It's A Cup Final Knockout 1977
British Domestic Series

Presenters: Stuart Hall and Eddie Waring
Referees: Arthur Ellis

Games Arranger: Paul Trerise / Designer: Mel Bibby
Cecil Korer / Director: Geoff Wilson
A BBC North West Production


It's A Cup Final Knockout 1977

FA Cup Final Special

Event Staged: Sunday 15th May 1977 at 4.45pm
Venue: South Liverpool F.C. Football Ground (Holly Park),
Garston, Liverpool, Merseyside, England

BBC1 (GB):
Saturday 21st May 1977, 12.30-1.15pm (as part of Cup Final Grandstand)

Special Guests (non-participating):
Past and present players and celebrity supporters of both teams.

Free Gift from JSFnetGB!
Download the Original Souvenir Programme from this event (PDF)

Kindly donated by Neil Storer

Teams: Liverpool F.C. v. Manchester United F.C.

Team Members included:
Liverpool F.C. -
John Chadwick (Team Coach), Jim Denham (Team Captain), Abbel Hamid Bouzib, Maggie Boyle, Frank Chadwick, Billy Davies, Barbara Denham, David Gill, John Green, Ron Hancock, Alison Pedder, Phil Pindar, Sue Power, Margaret Pringle, Ray Solomon, Billy Sullivan, Colin Sullivan, Keith Tweddle, Lynn Yates;

Manchester United F.C. - David Smith (Team Manager), Tony Blair, Dave Bradbury, Phil Burslem, Cliff Butler, Trevor Butler, Yvonne Butler, Clare George, Joyce Goldstone, Lesley Peters, Alan Redfern, Mark Redfern, Mike Royle, Anne Smith, Pete Solski, Paul Wilcox, Jane Williams, Terry Williams.

Games (Official Titles): Sack Squeeze, Rotary Goal, Smooth Dresser, Roll-Up Race, A Mere Trifle, Box Burst, Trouser Twins and Kleptomania;
Reserve Game: Hop to Swap.

Game Results and Standings




Final Scoreboard


 Manchester United F.C.
 Liverpool F.C.


The Host Town

Garston, Merseyside

Garston, a district with its southern border on the River Mersey, is located in the south of the city of Liverpool in the county of Merseyside.

A recent aerial photograph of Garston Docks


In medieval times, Garston was home to a group of Benedictine monks with the first recorded mention of settlement being the Church of St. Michael in 1235. By the 19th century, the area had become a small village, one of the eight townships forming the parish of Childwall.

A small dock was first built at Garston in 1793 for Blackburne’s Saltworks, which still stands today. Garston's growth accelerated rapidly in the 1840s, when in 1846, the area's first dock was constructed and opened, under the auspices of the St. Helens and Runcorn Gap Railway Company. The ‘Old Dock’ was followed twenty years later by a second, the ‘North Dock’. In 1902, Garston was incorporated into the City of Liverpool and a third and final dock, Stalbridge, was opened in 1907.

Today, Garston is a major shipping and container port, second only to Liverpool Docks in the north-west. Although inside the city of Liverpool, Garston Docks is not a part of the Port of Liverpool and is regarded as a separate port. Much of the area is also residential, housing being mainly in Victorian terraces with some semi-detached homes around Liverpool South Parkway. It is partnered with the nearby district of Speke in a series of redevelopment and regeneration schemes, which have succeeded in reversing recent trends in dereliction and unemployment. Garston is regularly quoted as one of Liverpool's 'up and coming' areas because of this, and house prices have continued to rise.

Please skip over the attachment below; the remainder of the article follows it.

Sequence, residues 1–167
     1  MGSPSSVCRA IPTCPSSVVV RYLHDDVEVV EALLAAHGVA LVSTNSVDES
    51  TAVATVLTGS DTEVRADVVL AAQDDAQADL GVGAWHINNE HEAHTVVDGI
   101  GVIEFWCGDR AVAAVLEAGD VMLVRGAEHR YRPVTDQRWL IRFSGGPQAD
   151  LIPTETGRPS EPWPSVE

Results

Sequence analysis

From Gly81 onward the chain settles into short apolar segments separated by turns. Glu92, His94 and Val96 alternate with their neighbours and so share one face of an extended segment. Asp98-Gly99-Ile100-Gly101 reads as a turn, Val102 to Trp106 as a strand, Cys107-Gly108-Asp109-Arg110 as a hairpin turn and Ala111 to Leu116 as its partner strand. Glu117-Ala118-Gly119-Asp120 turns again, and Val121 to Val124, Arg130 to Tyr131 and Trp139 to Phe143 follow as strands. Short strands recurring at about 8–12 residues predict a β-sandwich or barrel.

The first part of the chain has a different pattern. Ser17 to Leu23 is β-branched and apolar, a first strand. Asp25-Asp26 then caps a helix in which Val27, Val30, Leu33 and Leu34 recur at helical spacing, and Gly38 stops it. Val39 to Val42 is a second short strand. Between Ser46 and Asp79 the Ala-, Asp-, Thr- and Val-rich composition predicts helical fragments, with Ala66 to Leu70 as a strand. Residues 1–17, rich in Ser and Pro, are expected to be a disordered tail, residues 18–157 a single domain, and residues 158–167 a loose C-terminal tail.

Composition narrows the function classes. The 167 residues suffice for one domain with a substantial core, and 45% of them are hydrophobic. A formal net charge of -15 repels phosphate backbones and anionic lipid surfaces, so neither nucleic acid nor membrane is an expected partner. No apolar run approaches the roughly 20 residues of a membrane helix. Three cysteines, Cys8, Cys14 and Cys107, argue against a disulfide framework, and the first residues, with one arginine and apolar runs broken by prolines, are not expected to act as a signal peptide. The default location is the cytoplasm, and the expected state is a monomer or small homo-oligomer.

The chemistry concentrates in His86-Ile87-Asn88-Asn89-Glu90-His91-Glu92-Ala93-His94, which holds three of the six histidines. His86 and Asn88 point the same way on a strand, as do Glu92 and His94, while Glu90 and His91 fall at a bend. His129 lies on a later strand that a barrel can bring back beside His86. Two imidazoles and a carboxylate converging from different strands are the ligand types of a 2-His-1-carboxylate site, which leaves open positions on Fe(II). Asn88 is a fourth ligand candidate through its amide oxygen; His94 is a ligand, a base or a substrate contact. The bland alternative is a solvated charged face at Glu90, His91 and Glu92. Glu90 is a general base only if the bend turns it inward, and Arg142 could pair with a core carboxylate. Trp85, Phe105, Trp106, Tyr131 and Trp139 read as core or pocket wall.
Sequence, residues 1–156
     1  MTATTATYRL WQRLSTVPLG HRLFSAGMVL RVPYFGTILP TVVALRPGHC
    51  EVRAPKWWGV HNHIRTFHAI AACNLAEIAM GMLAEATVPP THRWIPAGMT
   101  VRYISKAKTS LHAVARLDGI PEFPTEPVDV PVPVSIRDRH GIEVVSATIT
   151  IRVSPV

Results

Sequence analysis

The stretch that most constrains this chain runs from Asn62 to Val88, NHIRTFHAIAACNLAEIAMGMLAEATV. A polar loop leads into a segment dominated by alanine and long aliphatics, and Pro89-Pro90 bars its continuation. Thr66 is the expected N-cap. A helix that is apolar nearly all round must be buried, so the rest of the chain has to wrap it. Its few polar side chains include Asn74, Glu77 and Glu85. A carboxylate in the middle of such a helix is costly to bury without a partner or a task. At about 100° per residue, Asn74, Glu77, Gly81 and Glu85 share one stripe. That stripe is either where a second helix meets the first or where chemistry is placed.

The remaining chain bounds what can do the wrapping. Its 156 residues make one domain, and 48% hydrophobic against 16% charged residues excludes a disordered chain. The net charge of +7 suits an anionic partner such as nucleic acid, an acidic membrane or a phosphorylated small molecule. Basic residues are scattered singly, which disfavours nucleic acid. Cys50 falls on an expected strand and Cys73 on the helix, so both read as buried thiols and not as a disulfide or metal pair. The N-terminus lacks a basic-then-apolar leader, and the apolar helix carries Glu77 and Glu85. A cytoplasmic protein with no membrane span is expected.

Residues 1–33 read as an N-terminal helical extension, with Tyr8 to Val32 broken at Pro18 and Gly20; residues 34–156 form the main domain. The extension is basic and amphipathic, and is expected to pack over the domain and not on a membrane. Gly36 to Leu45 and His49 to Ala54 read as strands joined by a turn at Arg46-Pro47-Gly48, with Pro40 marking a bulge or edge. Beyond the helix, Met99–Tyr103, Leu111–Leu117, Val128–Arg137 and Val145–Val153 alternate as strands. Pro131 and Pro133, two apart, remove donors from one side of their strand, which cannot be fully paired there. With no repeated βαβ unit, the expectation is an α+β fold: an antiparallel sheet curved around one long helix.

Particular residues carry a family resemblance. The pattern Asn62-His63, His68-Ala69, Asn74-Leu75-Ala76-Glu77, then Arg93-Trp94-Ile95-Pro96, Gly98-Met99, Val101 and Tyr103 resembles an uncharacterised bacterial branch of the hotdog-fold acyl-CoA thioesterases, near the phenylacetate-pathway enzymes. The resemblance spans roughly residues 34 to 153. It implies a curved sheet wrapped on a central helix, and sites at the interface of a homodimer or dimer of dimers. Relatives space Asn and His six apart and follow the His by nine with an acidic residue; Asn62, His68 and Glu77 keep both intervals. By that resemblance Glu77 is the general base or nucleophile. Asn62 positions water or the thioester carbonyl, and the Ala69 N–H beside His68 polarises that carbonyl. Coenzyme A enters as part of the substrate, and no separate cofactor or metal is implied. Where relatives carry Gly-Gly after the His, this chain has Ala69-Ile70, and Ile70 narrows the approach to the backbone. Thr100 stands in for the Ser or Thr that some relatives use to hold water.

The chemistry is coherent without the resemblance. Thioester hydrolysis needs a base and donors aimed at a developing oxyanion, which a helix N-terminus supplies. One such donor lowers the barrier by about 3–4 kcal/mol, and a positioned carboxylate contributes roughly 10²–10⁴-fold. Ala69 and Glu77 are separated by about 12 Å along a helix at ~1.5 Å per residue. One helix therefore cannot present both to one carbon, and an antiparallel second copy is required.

Garston is home to Liverpool South Parkway railway station, a major interchange station operating trains at regular intervals not only to the city centre, but to Southport, Manchester and Birmingham.

Many notable people have hailed from Garston including Liverpool footballer John Aldridge, television personality Les Dennis, singer/songwriter Billy Fury (1940-1983), trade union leader Jack Jones (1913-2009), actress Rita Tushingham and Brookside actor and presenter Simon O'Brien.

The Venue

South Liverpool F.C. Football Ground (Holly Park)

The venue for this competition was Holly Park, the home ground of South Liverpool Football Club, located on Woolton Road in Garston.


The dilapidated ground of Holly Park, home of South Liverpool Football Club,
before its demolition in 1991


The history of the club, known locally simply as South, dates back to 1897 when the club were originally called African Royal F.C. They played their games at Grafton Street and in 1911, they joined the Lancashire Combination League Second Division. For the 1912-13 season, the team were promoted to the First Division, but the competition was suspended following the outbreak of World War I in 1914. After the war, and under the influence of William James Sawyer (1870-1940), the club changed its name to South Liverpool. It played its games at Grafton Street for two more seasons before relocating to Dingle Street in Wallasey, on the Wirral peninsula, in 1921. It was at this time the club’s name was changed to New Brighton A.F.C. New Brighton assumed South Liverpool's official Lancashire F.A. registration, most of the club's staff, all of its debts (reportedly around £200), and the team's place in the Lancashire Combination for 1921-22. Therefore, New Brighton F.C. was a legal continuation of South Liverpool F.C. and the club no longer ‘existed’.